It’s my birthday tomorrow. Depends when you’re reading this, of course, but it’s on 7 January, always has been, since I was born. Though in fact I did change it, for 20 years, to 7 July, much to my mother’s annoyance. We were always in Portugal in July, so I thought it would be a better time to have a party, rather than boring, dreary, miserable old January. If the Queen can have two birthdays, why can’t the rest of us?
No presents, please. Just wish me luck in getting to 90. That’s my ambition, having got over the hurdle of being 80 – hold on, 81 – tomorrow. I want to be here to see my older grandchildren, now aged 16, leave college, if they ever go, and get a job (they’ll be lucky). But mostly I want to see what it’s like when China dominates world football. Which they will do, don’t you worry.
For the past five years the Chinese have been throwing half-decent money at football but not getting much for it, buying knackered former stars who hang on for about a year and crawl back home again.
But now they’ve splashed out and spent top money, breaking the world record for salaries. Shanghai Shenhua are paying Carlos Tevez £615,000 a week, and SIPG FC, also of Shanghai, will be paying Oscar £400,000, making them the highest-paid footballers on the planet. Oscar is only 25 and could easily have moved from Chelsea to another Prem club.
The Chinese have still not tempted many top managers, but that will come. The club that Tevez is going to is managed by Gus Poyet, ex-Brighton and Sunderland.
Why are the Chinese doing it? Because they can. They have loads of money. They love the sport and plan to become a dominant force, exerting power and influence over the rest of football. And the world generally. Which is rather sweet and reassuring – that they consider football as a passport to world fame.
Then what will happen? I foresee the Premier League being demoted in the pecking order. If the Chinese league has all the world’s best players and clubs and managers, then naturally all dopey, half-witted, unthinking, craven fans, such as my good self, will want to tune in to their top games rather than ours.
“Ours”, of course, are no longer ours. The Prem is totally dominated by foreign players. All the top clubs have foreign managers, plus there are more and more foreign owners. It doesn’t really matter to them where they play or run football, if the money’s good enough, the standard of play high and the league competitive.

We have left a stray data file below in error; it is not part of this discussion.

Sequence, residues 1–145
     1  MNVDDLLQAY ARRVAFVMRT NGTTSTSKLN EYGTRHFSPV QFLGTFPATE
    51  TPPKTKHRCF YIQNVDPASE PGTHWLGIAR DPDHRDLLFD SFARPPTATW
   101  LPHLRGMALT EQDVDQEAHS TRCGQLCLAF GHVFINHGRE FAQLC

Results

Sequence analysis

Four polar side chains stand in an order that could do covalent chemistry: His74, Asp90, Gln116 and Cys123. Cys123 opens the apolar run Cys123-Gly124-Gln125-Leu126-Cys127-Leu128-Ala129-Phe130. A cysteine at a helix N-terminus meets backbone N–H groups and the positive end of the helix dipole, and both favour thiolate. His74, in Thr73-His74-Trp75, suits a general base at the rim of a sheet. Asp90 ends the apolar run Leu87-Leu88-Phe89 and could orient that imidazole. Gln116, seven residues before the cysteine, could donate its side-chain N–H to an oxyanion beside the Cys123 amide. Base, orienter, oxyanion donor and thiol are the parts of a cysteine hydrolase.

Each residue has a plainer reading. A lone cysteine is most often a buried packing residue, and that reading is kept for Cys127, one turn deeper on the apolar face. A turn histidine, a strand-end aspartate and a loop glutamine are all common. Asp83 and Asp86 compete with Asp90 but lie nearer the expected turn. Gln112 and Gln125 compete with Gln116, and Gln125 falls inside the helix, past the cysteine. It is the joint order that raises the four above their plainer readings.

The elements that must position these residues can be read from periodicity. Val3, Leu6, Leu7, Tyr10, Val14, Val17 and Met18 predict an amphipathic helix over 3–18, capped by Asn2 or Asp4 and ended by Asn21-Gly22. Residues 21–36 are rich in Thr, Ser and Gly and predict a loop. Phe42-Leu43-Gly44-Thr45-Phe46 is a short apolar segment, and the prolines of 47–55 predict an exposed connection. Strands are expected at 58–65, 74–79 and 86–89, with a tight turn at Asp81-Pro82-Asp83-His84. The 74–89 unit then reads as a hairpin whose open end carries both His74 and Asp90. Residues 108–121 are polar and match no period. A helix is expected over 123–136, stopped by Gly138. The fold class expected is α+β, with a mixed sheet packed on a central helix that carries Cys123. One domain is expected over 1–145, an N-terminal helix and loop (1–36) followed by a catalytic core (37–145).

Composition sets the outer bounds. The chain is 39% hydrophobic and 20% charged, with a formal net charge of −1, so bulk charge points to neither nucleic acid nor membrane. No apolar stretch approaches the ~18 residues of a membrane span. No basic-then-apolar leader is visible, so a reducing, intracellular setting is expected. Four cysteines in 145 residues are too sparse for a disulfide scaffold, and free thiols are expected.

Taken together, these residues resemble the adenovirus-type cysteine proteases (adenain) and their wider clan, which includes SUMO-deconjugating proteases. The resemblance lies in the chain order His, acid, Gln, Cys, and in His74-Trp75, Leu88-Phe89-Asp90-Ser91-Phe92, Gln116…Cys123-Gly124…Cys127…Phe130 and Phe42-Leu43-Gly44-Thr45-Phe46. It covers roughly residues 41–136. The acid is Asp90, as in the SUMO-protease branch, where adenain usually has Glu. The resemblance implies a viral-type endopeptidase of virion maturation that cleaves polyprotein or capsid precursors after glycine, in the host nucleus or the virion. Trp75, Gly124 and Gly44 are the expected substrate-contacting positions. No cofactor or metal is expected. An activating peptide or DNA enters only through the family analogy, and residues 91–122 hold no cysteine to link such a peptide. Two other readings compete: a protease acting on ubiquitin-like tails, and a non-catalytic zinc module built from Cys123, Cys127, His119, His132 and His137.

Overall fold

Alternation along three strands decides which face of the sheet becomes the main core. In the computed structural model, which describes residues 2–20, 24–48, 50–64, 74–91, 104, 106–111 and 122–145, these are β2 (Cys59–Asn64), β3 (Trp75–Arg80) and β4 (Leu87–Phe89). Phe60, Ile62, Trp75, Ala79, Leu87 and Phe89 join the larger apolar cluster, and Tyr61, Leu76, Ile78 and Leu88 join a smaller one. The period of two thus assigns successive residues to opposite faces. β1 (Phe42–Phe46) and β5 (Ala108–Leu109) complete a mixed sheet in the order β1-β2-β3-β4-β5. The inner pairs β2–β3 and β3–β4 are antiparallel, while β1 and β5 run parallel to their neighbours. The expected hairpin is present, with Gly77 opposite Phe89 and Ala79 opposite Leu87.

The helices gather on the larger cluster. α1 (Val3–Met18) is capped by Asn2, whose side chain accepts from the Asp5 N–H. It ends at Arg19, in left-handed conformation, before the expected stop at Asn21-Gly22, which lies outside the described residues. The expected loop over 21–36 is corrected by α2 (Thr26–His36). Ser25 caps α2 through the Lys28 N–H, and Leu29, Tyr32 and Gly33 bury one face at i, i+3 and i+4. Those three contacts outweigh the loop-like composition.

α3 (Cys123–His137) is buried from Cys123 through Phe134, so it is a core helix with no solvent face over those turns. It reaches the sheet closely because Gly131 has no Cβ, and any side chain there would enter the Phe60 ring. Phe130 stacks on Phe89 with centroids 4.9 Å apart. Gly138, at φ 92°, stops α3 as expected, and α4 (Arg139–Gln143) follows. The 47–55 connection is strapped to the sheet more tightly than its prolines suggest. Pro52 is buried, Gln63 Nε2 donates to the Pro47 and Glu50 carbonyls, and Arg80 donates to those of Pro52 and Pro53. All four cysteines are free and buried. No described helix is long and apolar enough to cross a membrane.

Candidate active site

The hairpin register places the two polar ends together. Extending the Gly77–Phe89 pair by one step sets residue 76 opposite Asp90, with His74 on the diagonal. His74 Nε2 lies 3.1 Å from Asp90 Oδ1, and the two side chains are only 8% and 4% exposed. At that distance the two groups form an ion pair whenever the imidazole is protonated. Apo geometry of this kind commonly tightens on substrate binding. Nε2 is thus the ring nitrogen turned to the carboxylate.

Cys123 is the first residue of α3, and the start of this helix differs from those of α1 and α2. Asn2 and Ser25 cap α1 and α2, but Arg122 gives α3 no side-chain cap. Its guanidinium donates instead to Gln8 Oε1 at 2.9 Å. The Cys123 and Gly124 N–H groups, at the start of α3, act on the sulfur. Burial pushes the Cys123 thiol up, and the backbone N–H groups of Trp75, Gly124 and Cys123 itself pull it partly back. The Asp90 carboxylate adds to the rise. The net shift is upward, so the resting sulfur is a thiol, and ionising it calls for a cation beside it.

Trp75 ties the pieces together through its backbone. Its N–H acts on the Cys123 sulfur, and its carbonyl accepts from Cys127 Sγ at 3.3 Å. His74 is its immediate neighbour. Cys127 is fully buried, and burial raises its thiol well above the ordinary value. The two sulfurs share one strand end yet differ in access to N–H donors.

What about Sky? What will it do? Its audience figures are now shaky, but thanks to Uncle Rupert it’s a world player with branches everywhere. The recently launched China Global Television Network will doubtless compete with it for football rights – and could win.
The English Premier League is purely local. It can’t very well run a league in China, and won’t be able to boast it’s the best league in the world, which is a nonsense anyway. The Spanish league has the best players and the world’s two best teams.
Sky, technically, has been a plus for football, as its coverage is excellent, but I can’t see what good the Premier League has done, apart from making more money for the elite clubs, leaving the rest of football to scrabble around. It’s mad that in England we have three bodies for the sport – the Prem, the FA and the Football League. One committee of suits would be quite sufficient.
And what about us, the fans? We would still be able to watch the top players on our tellies. Our local teams, which date back well over a hundred years, and which we all love and cherish, blah blah, will survive in some form.
I fully expect, when I’m 90, that the Prem will have turned into one of those leagues in Australia or the US or Canada or the Gulf, where clapped-out stars went to play before dying, such as Jermain Defoe. What am I saying? He came back.
I bet he’ll still be playing here in 2026, along with John Terry and Steven Gerrard, who will be even bigger stars in a smaller pool. “Come on, you crocks,” I’ll shout at them. And myself . . .
This article appears in the 04 Jan 2017 issue of the New Statesman, Divided Britain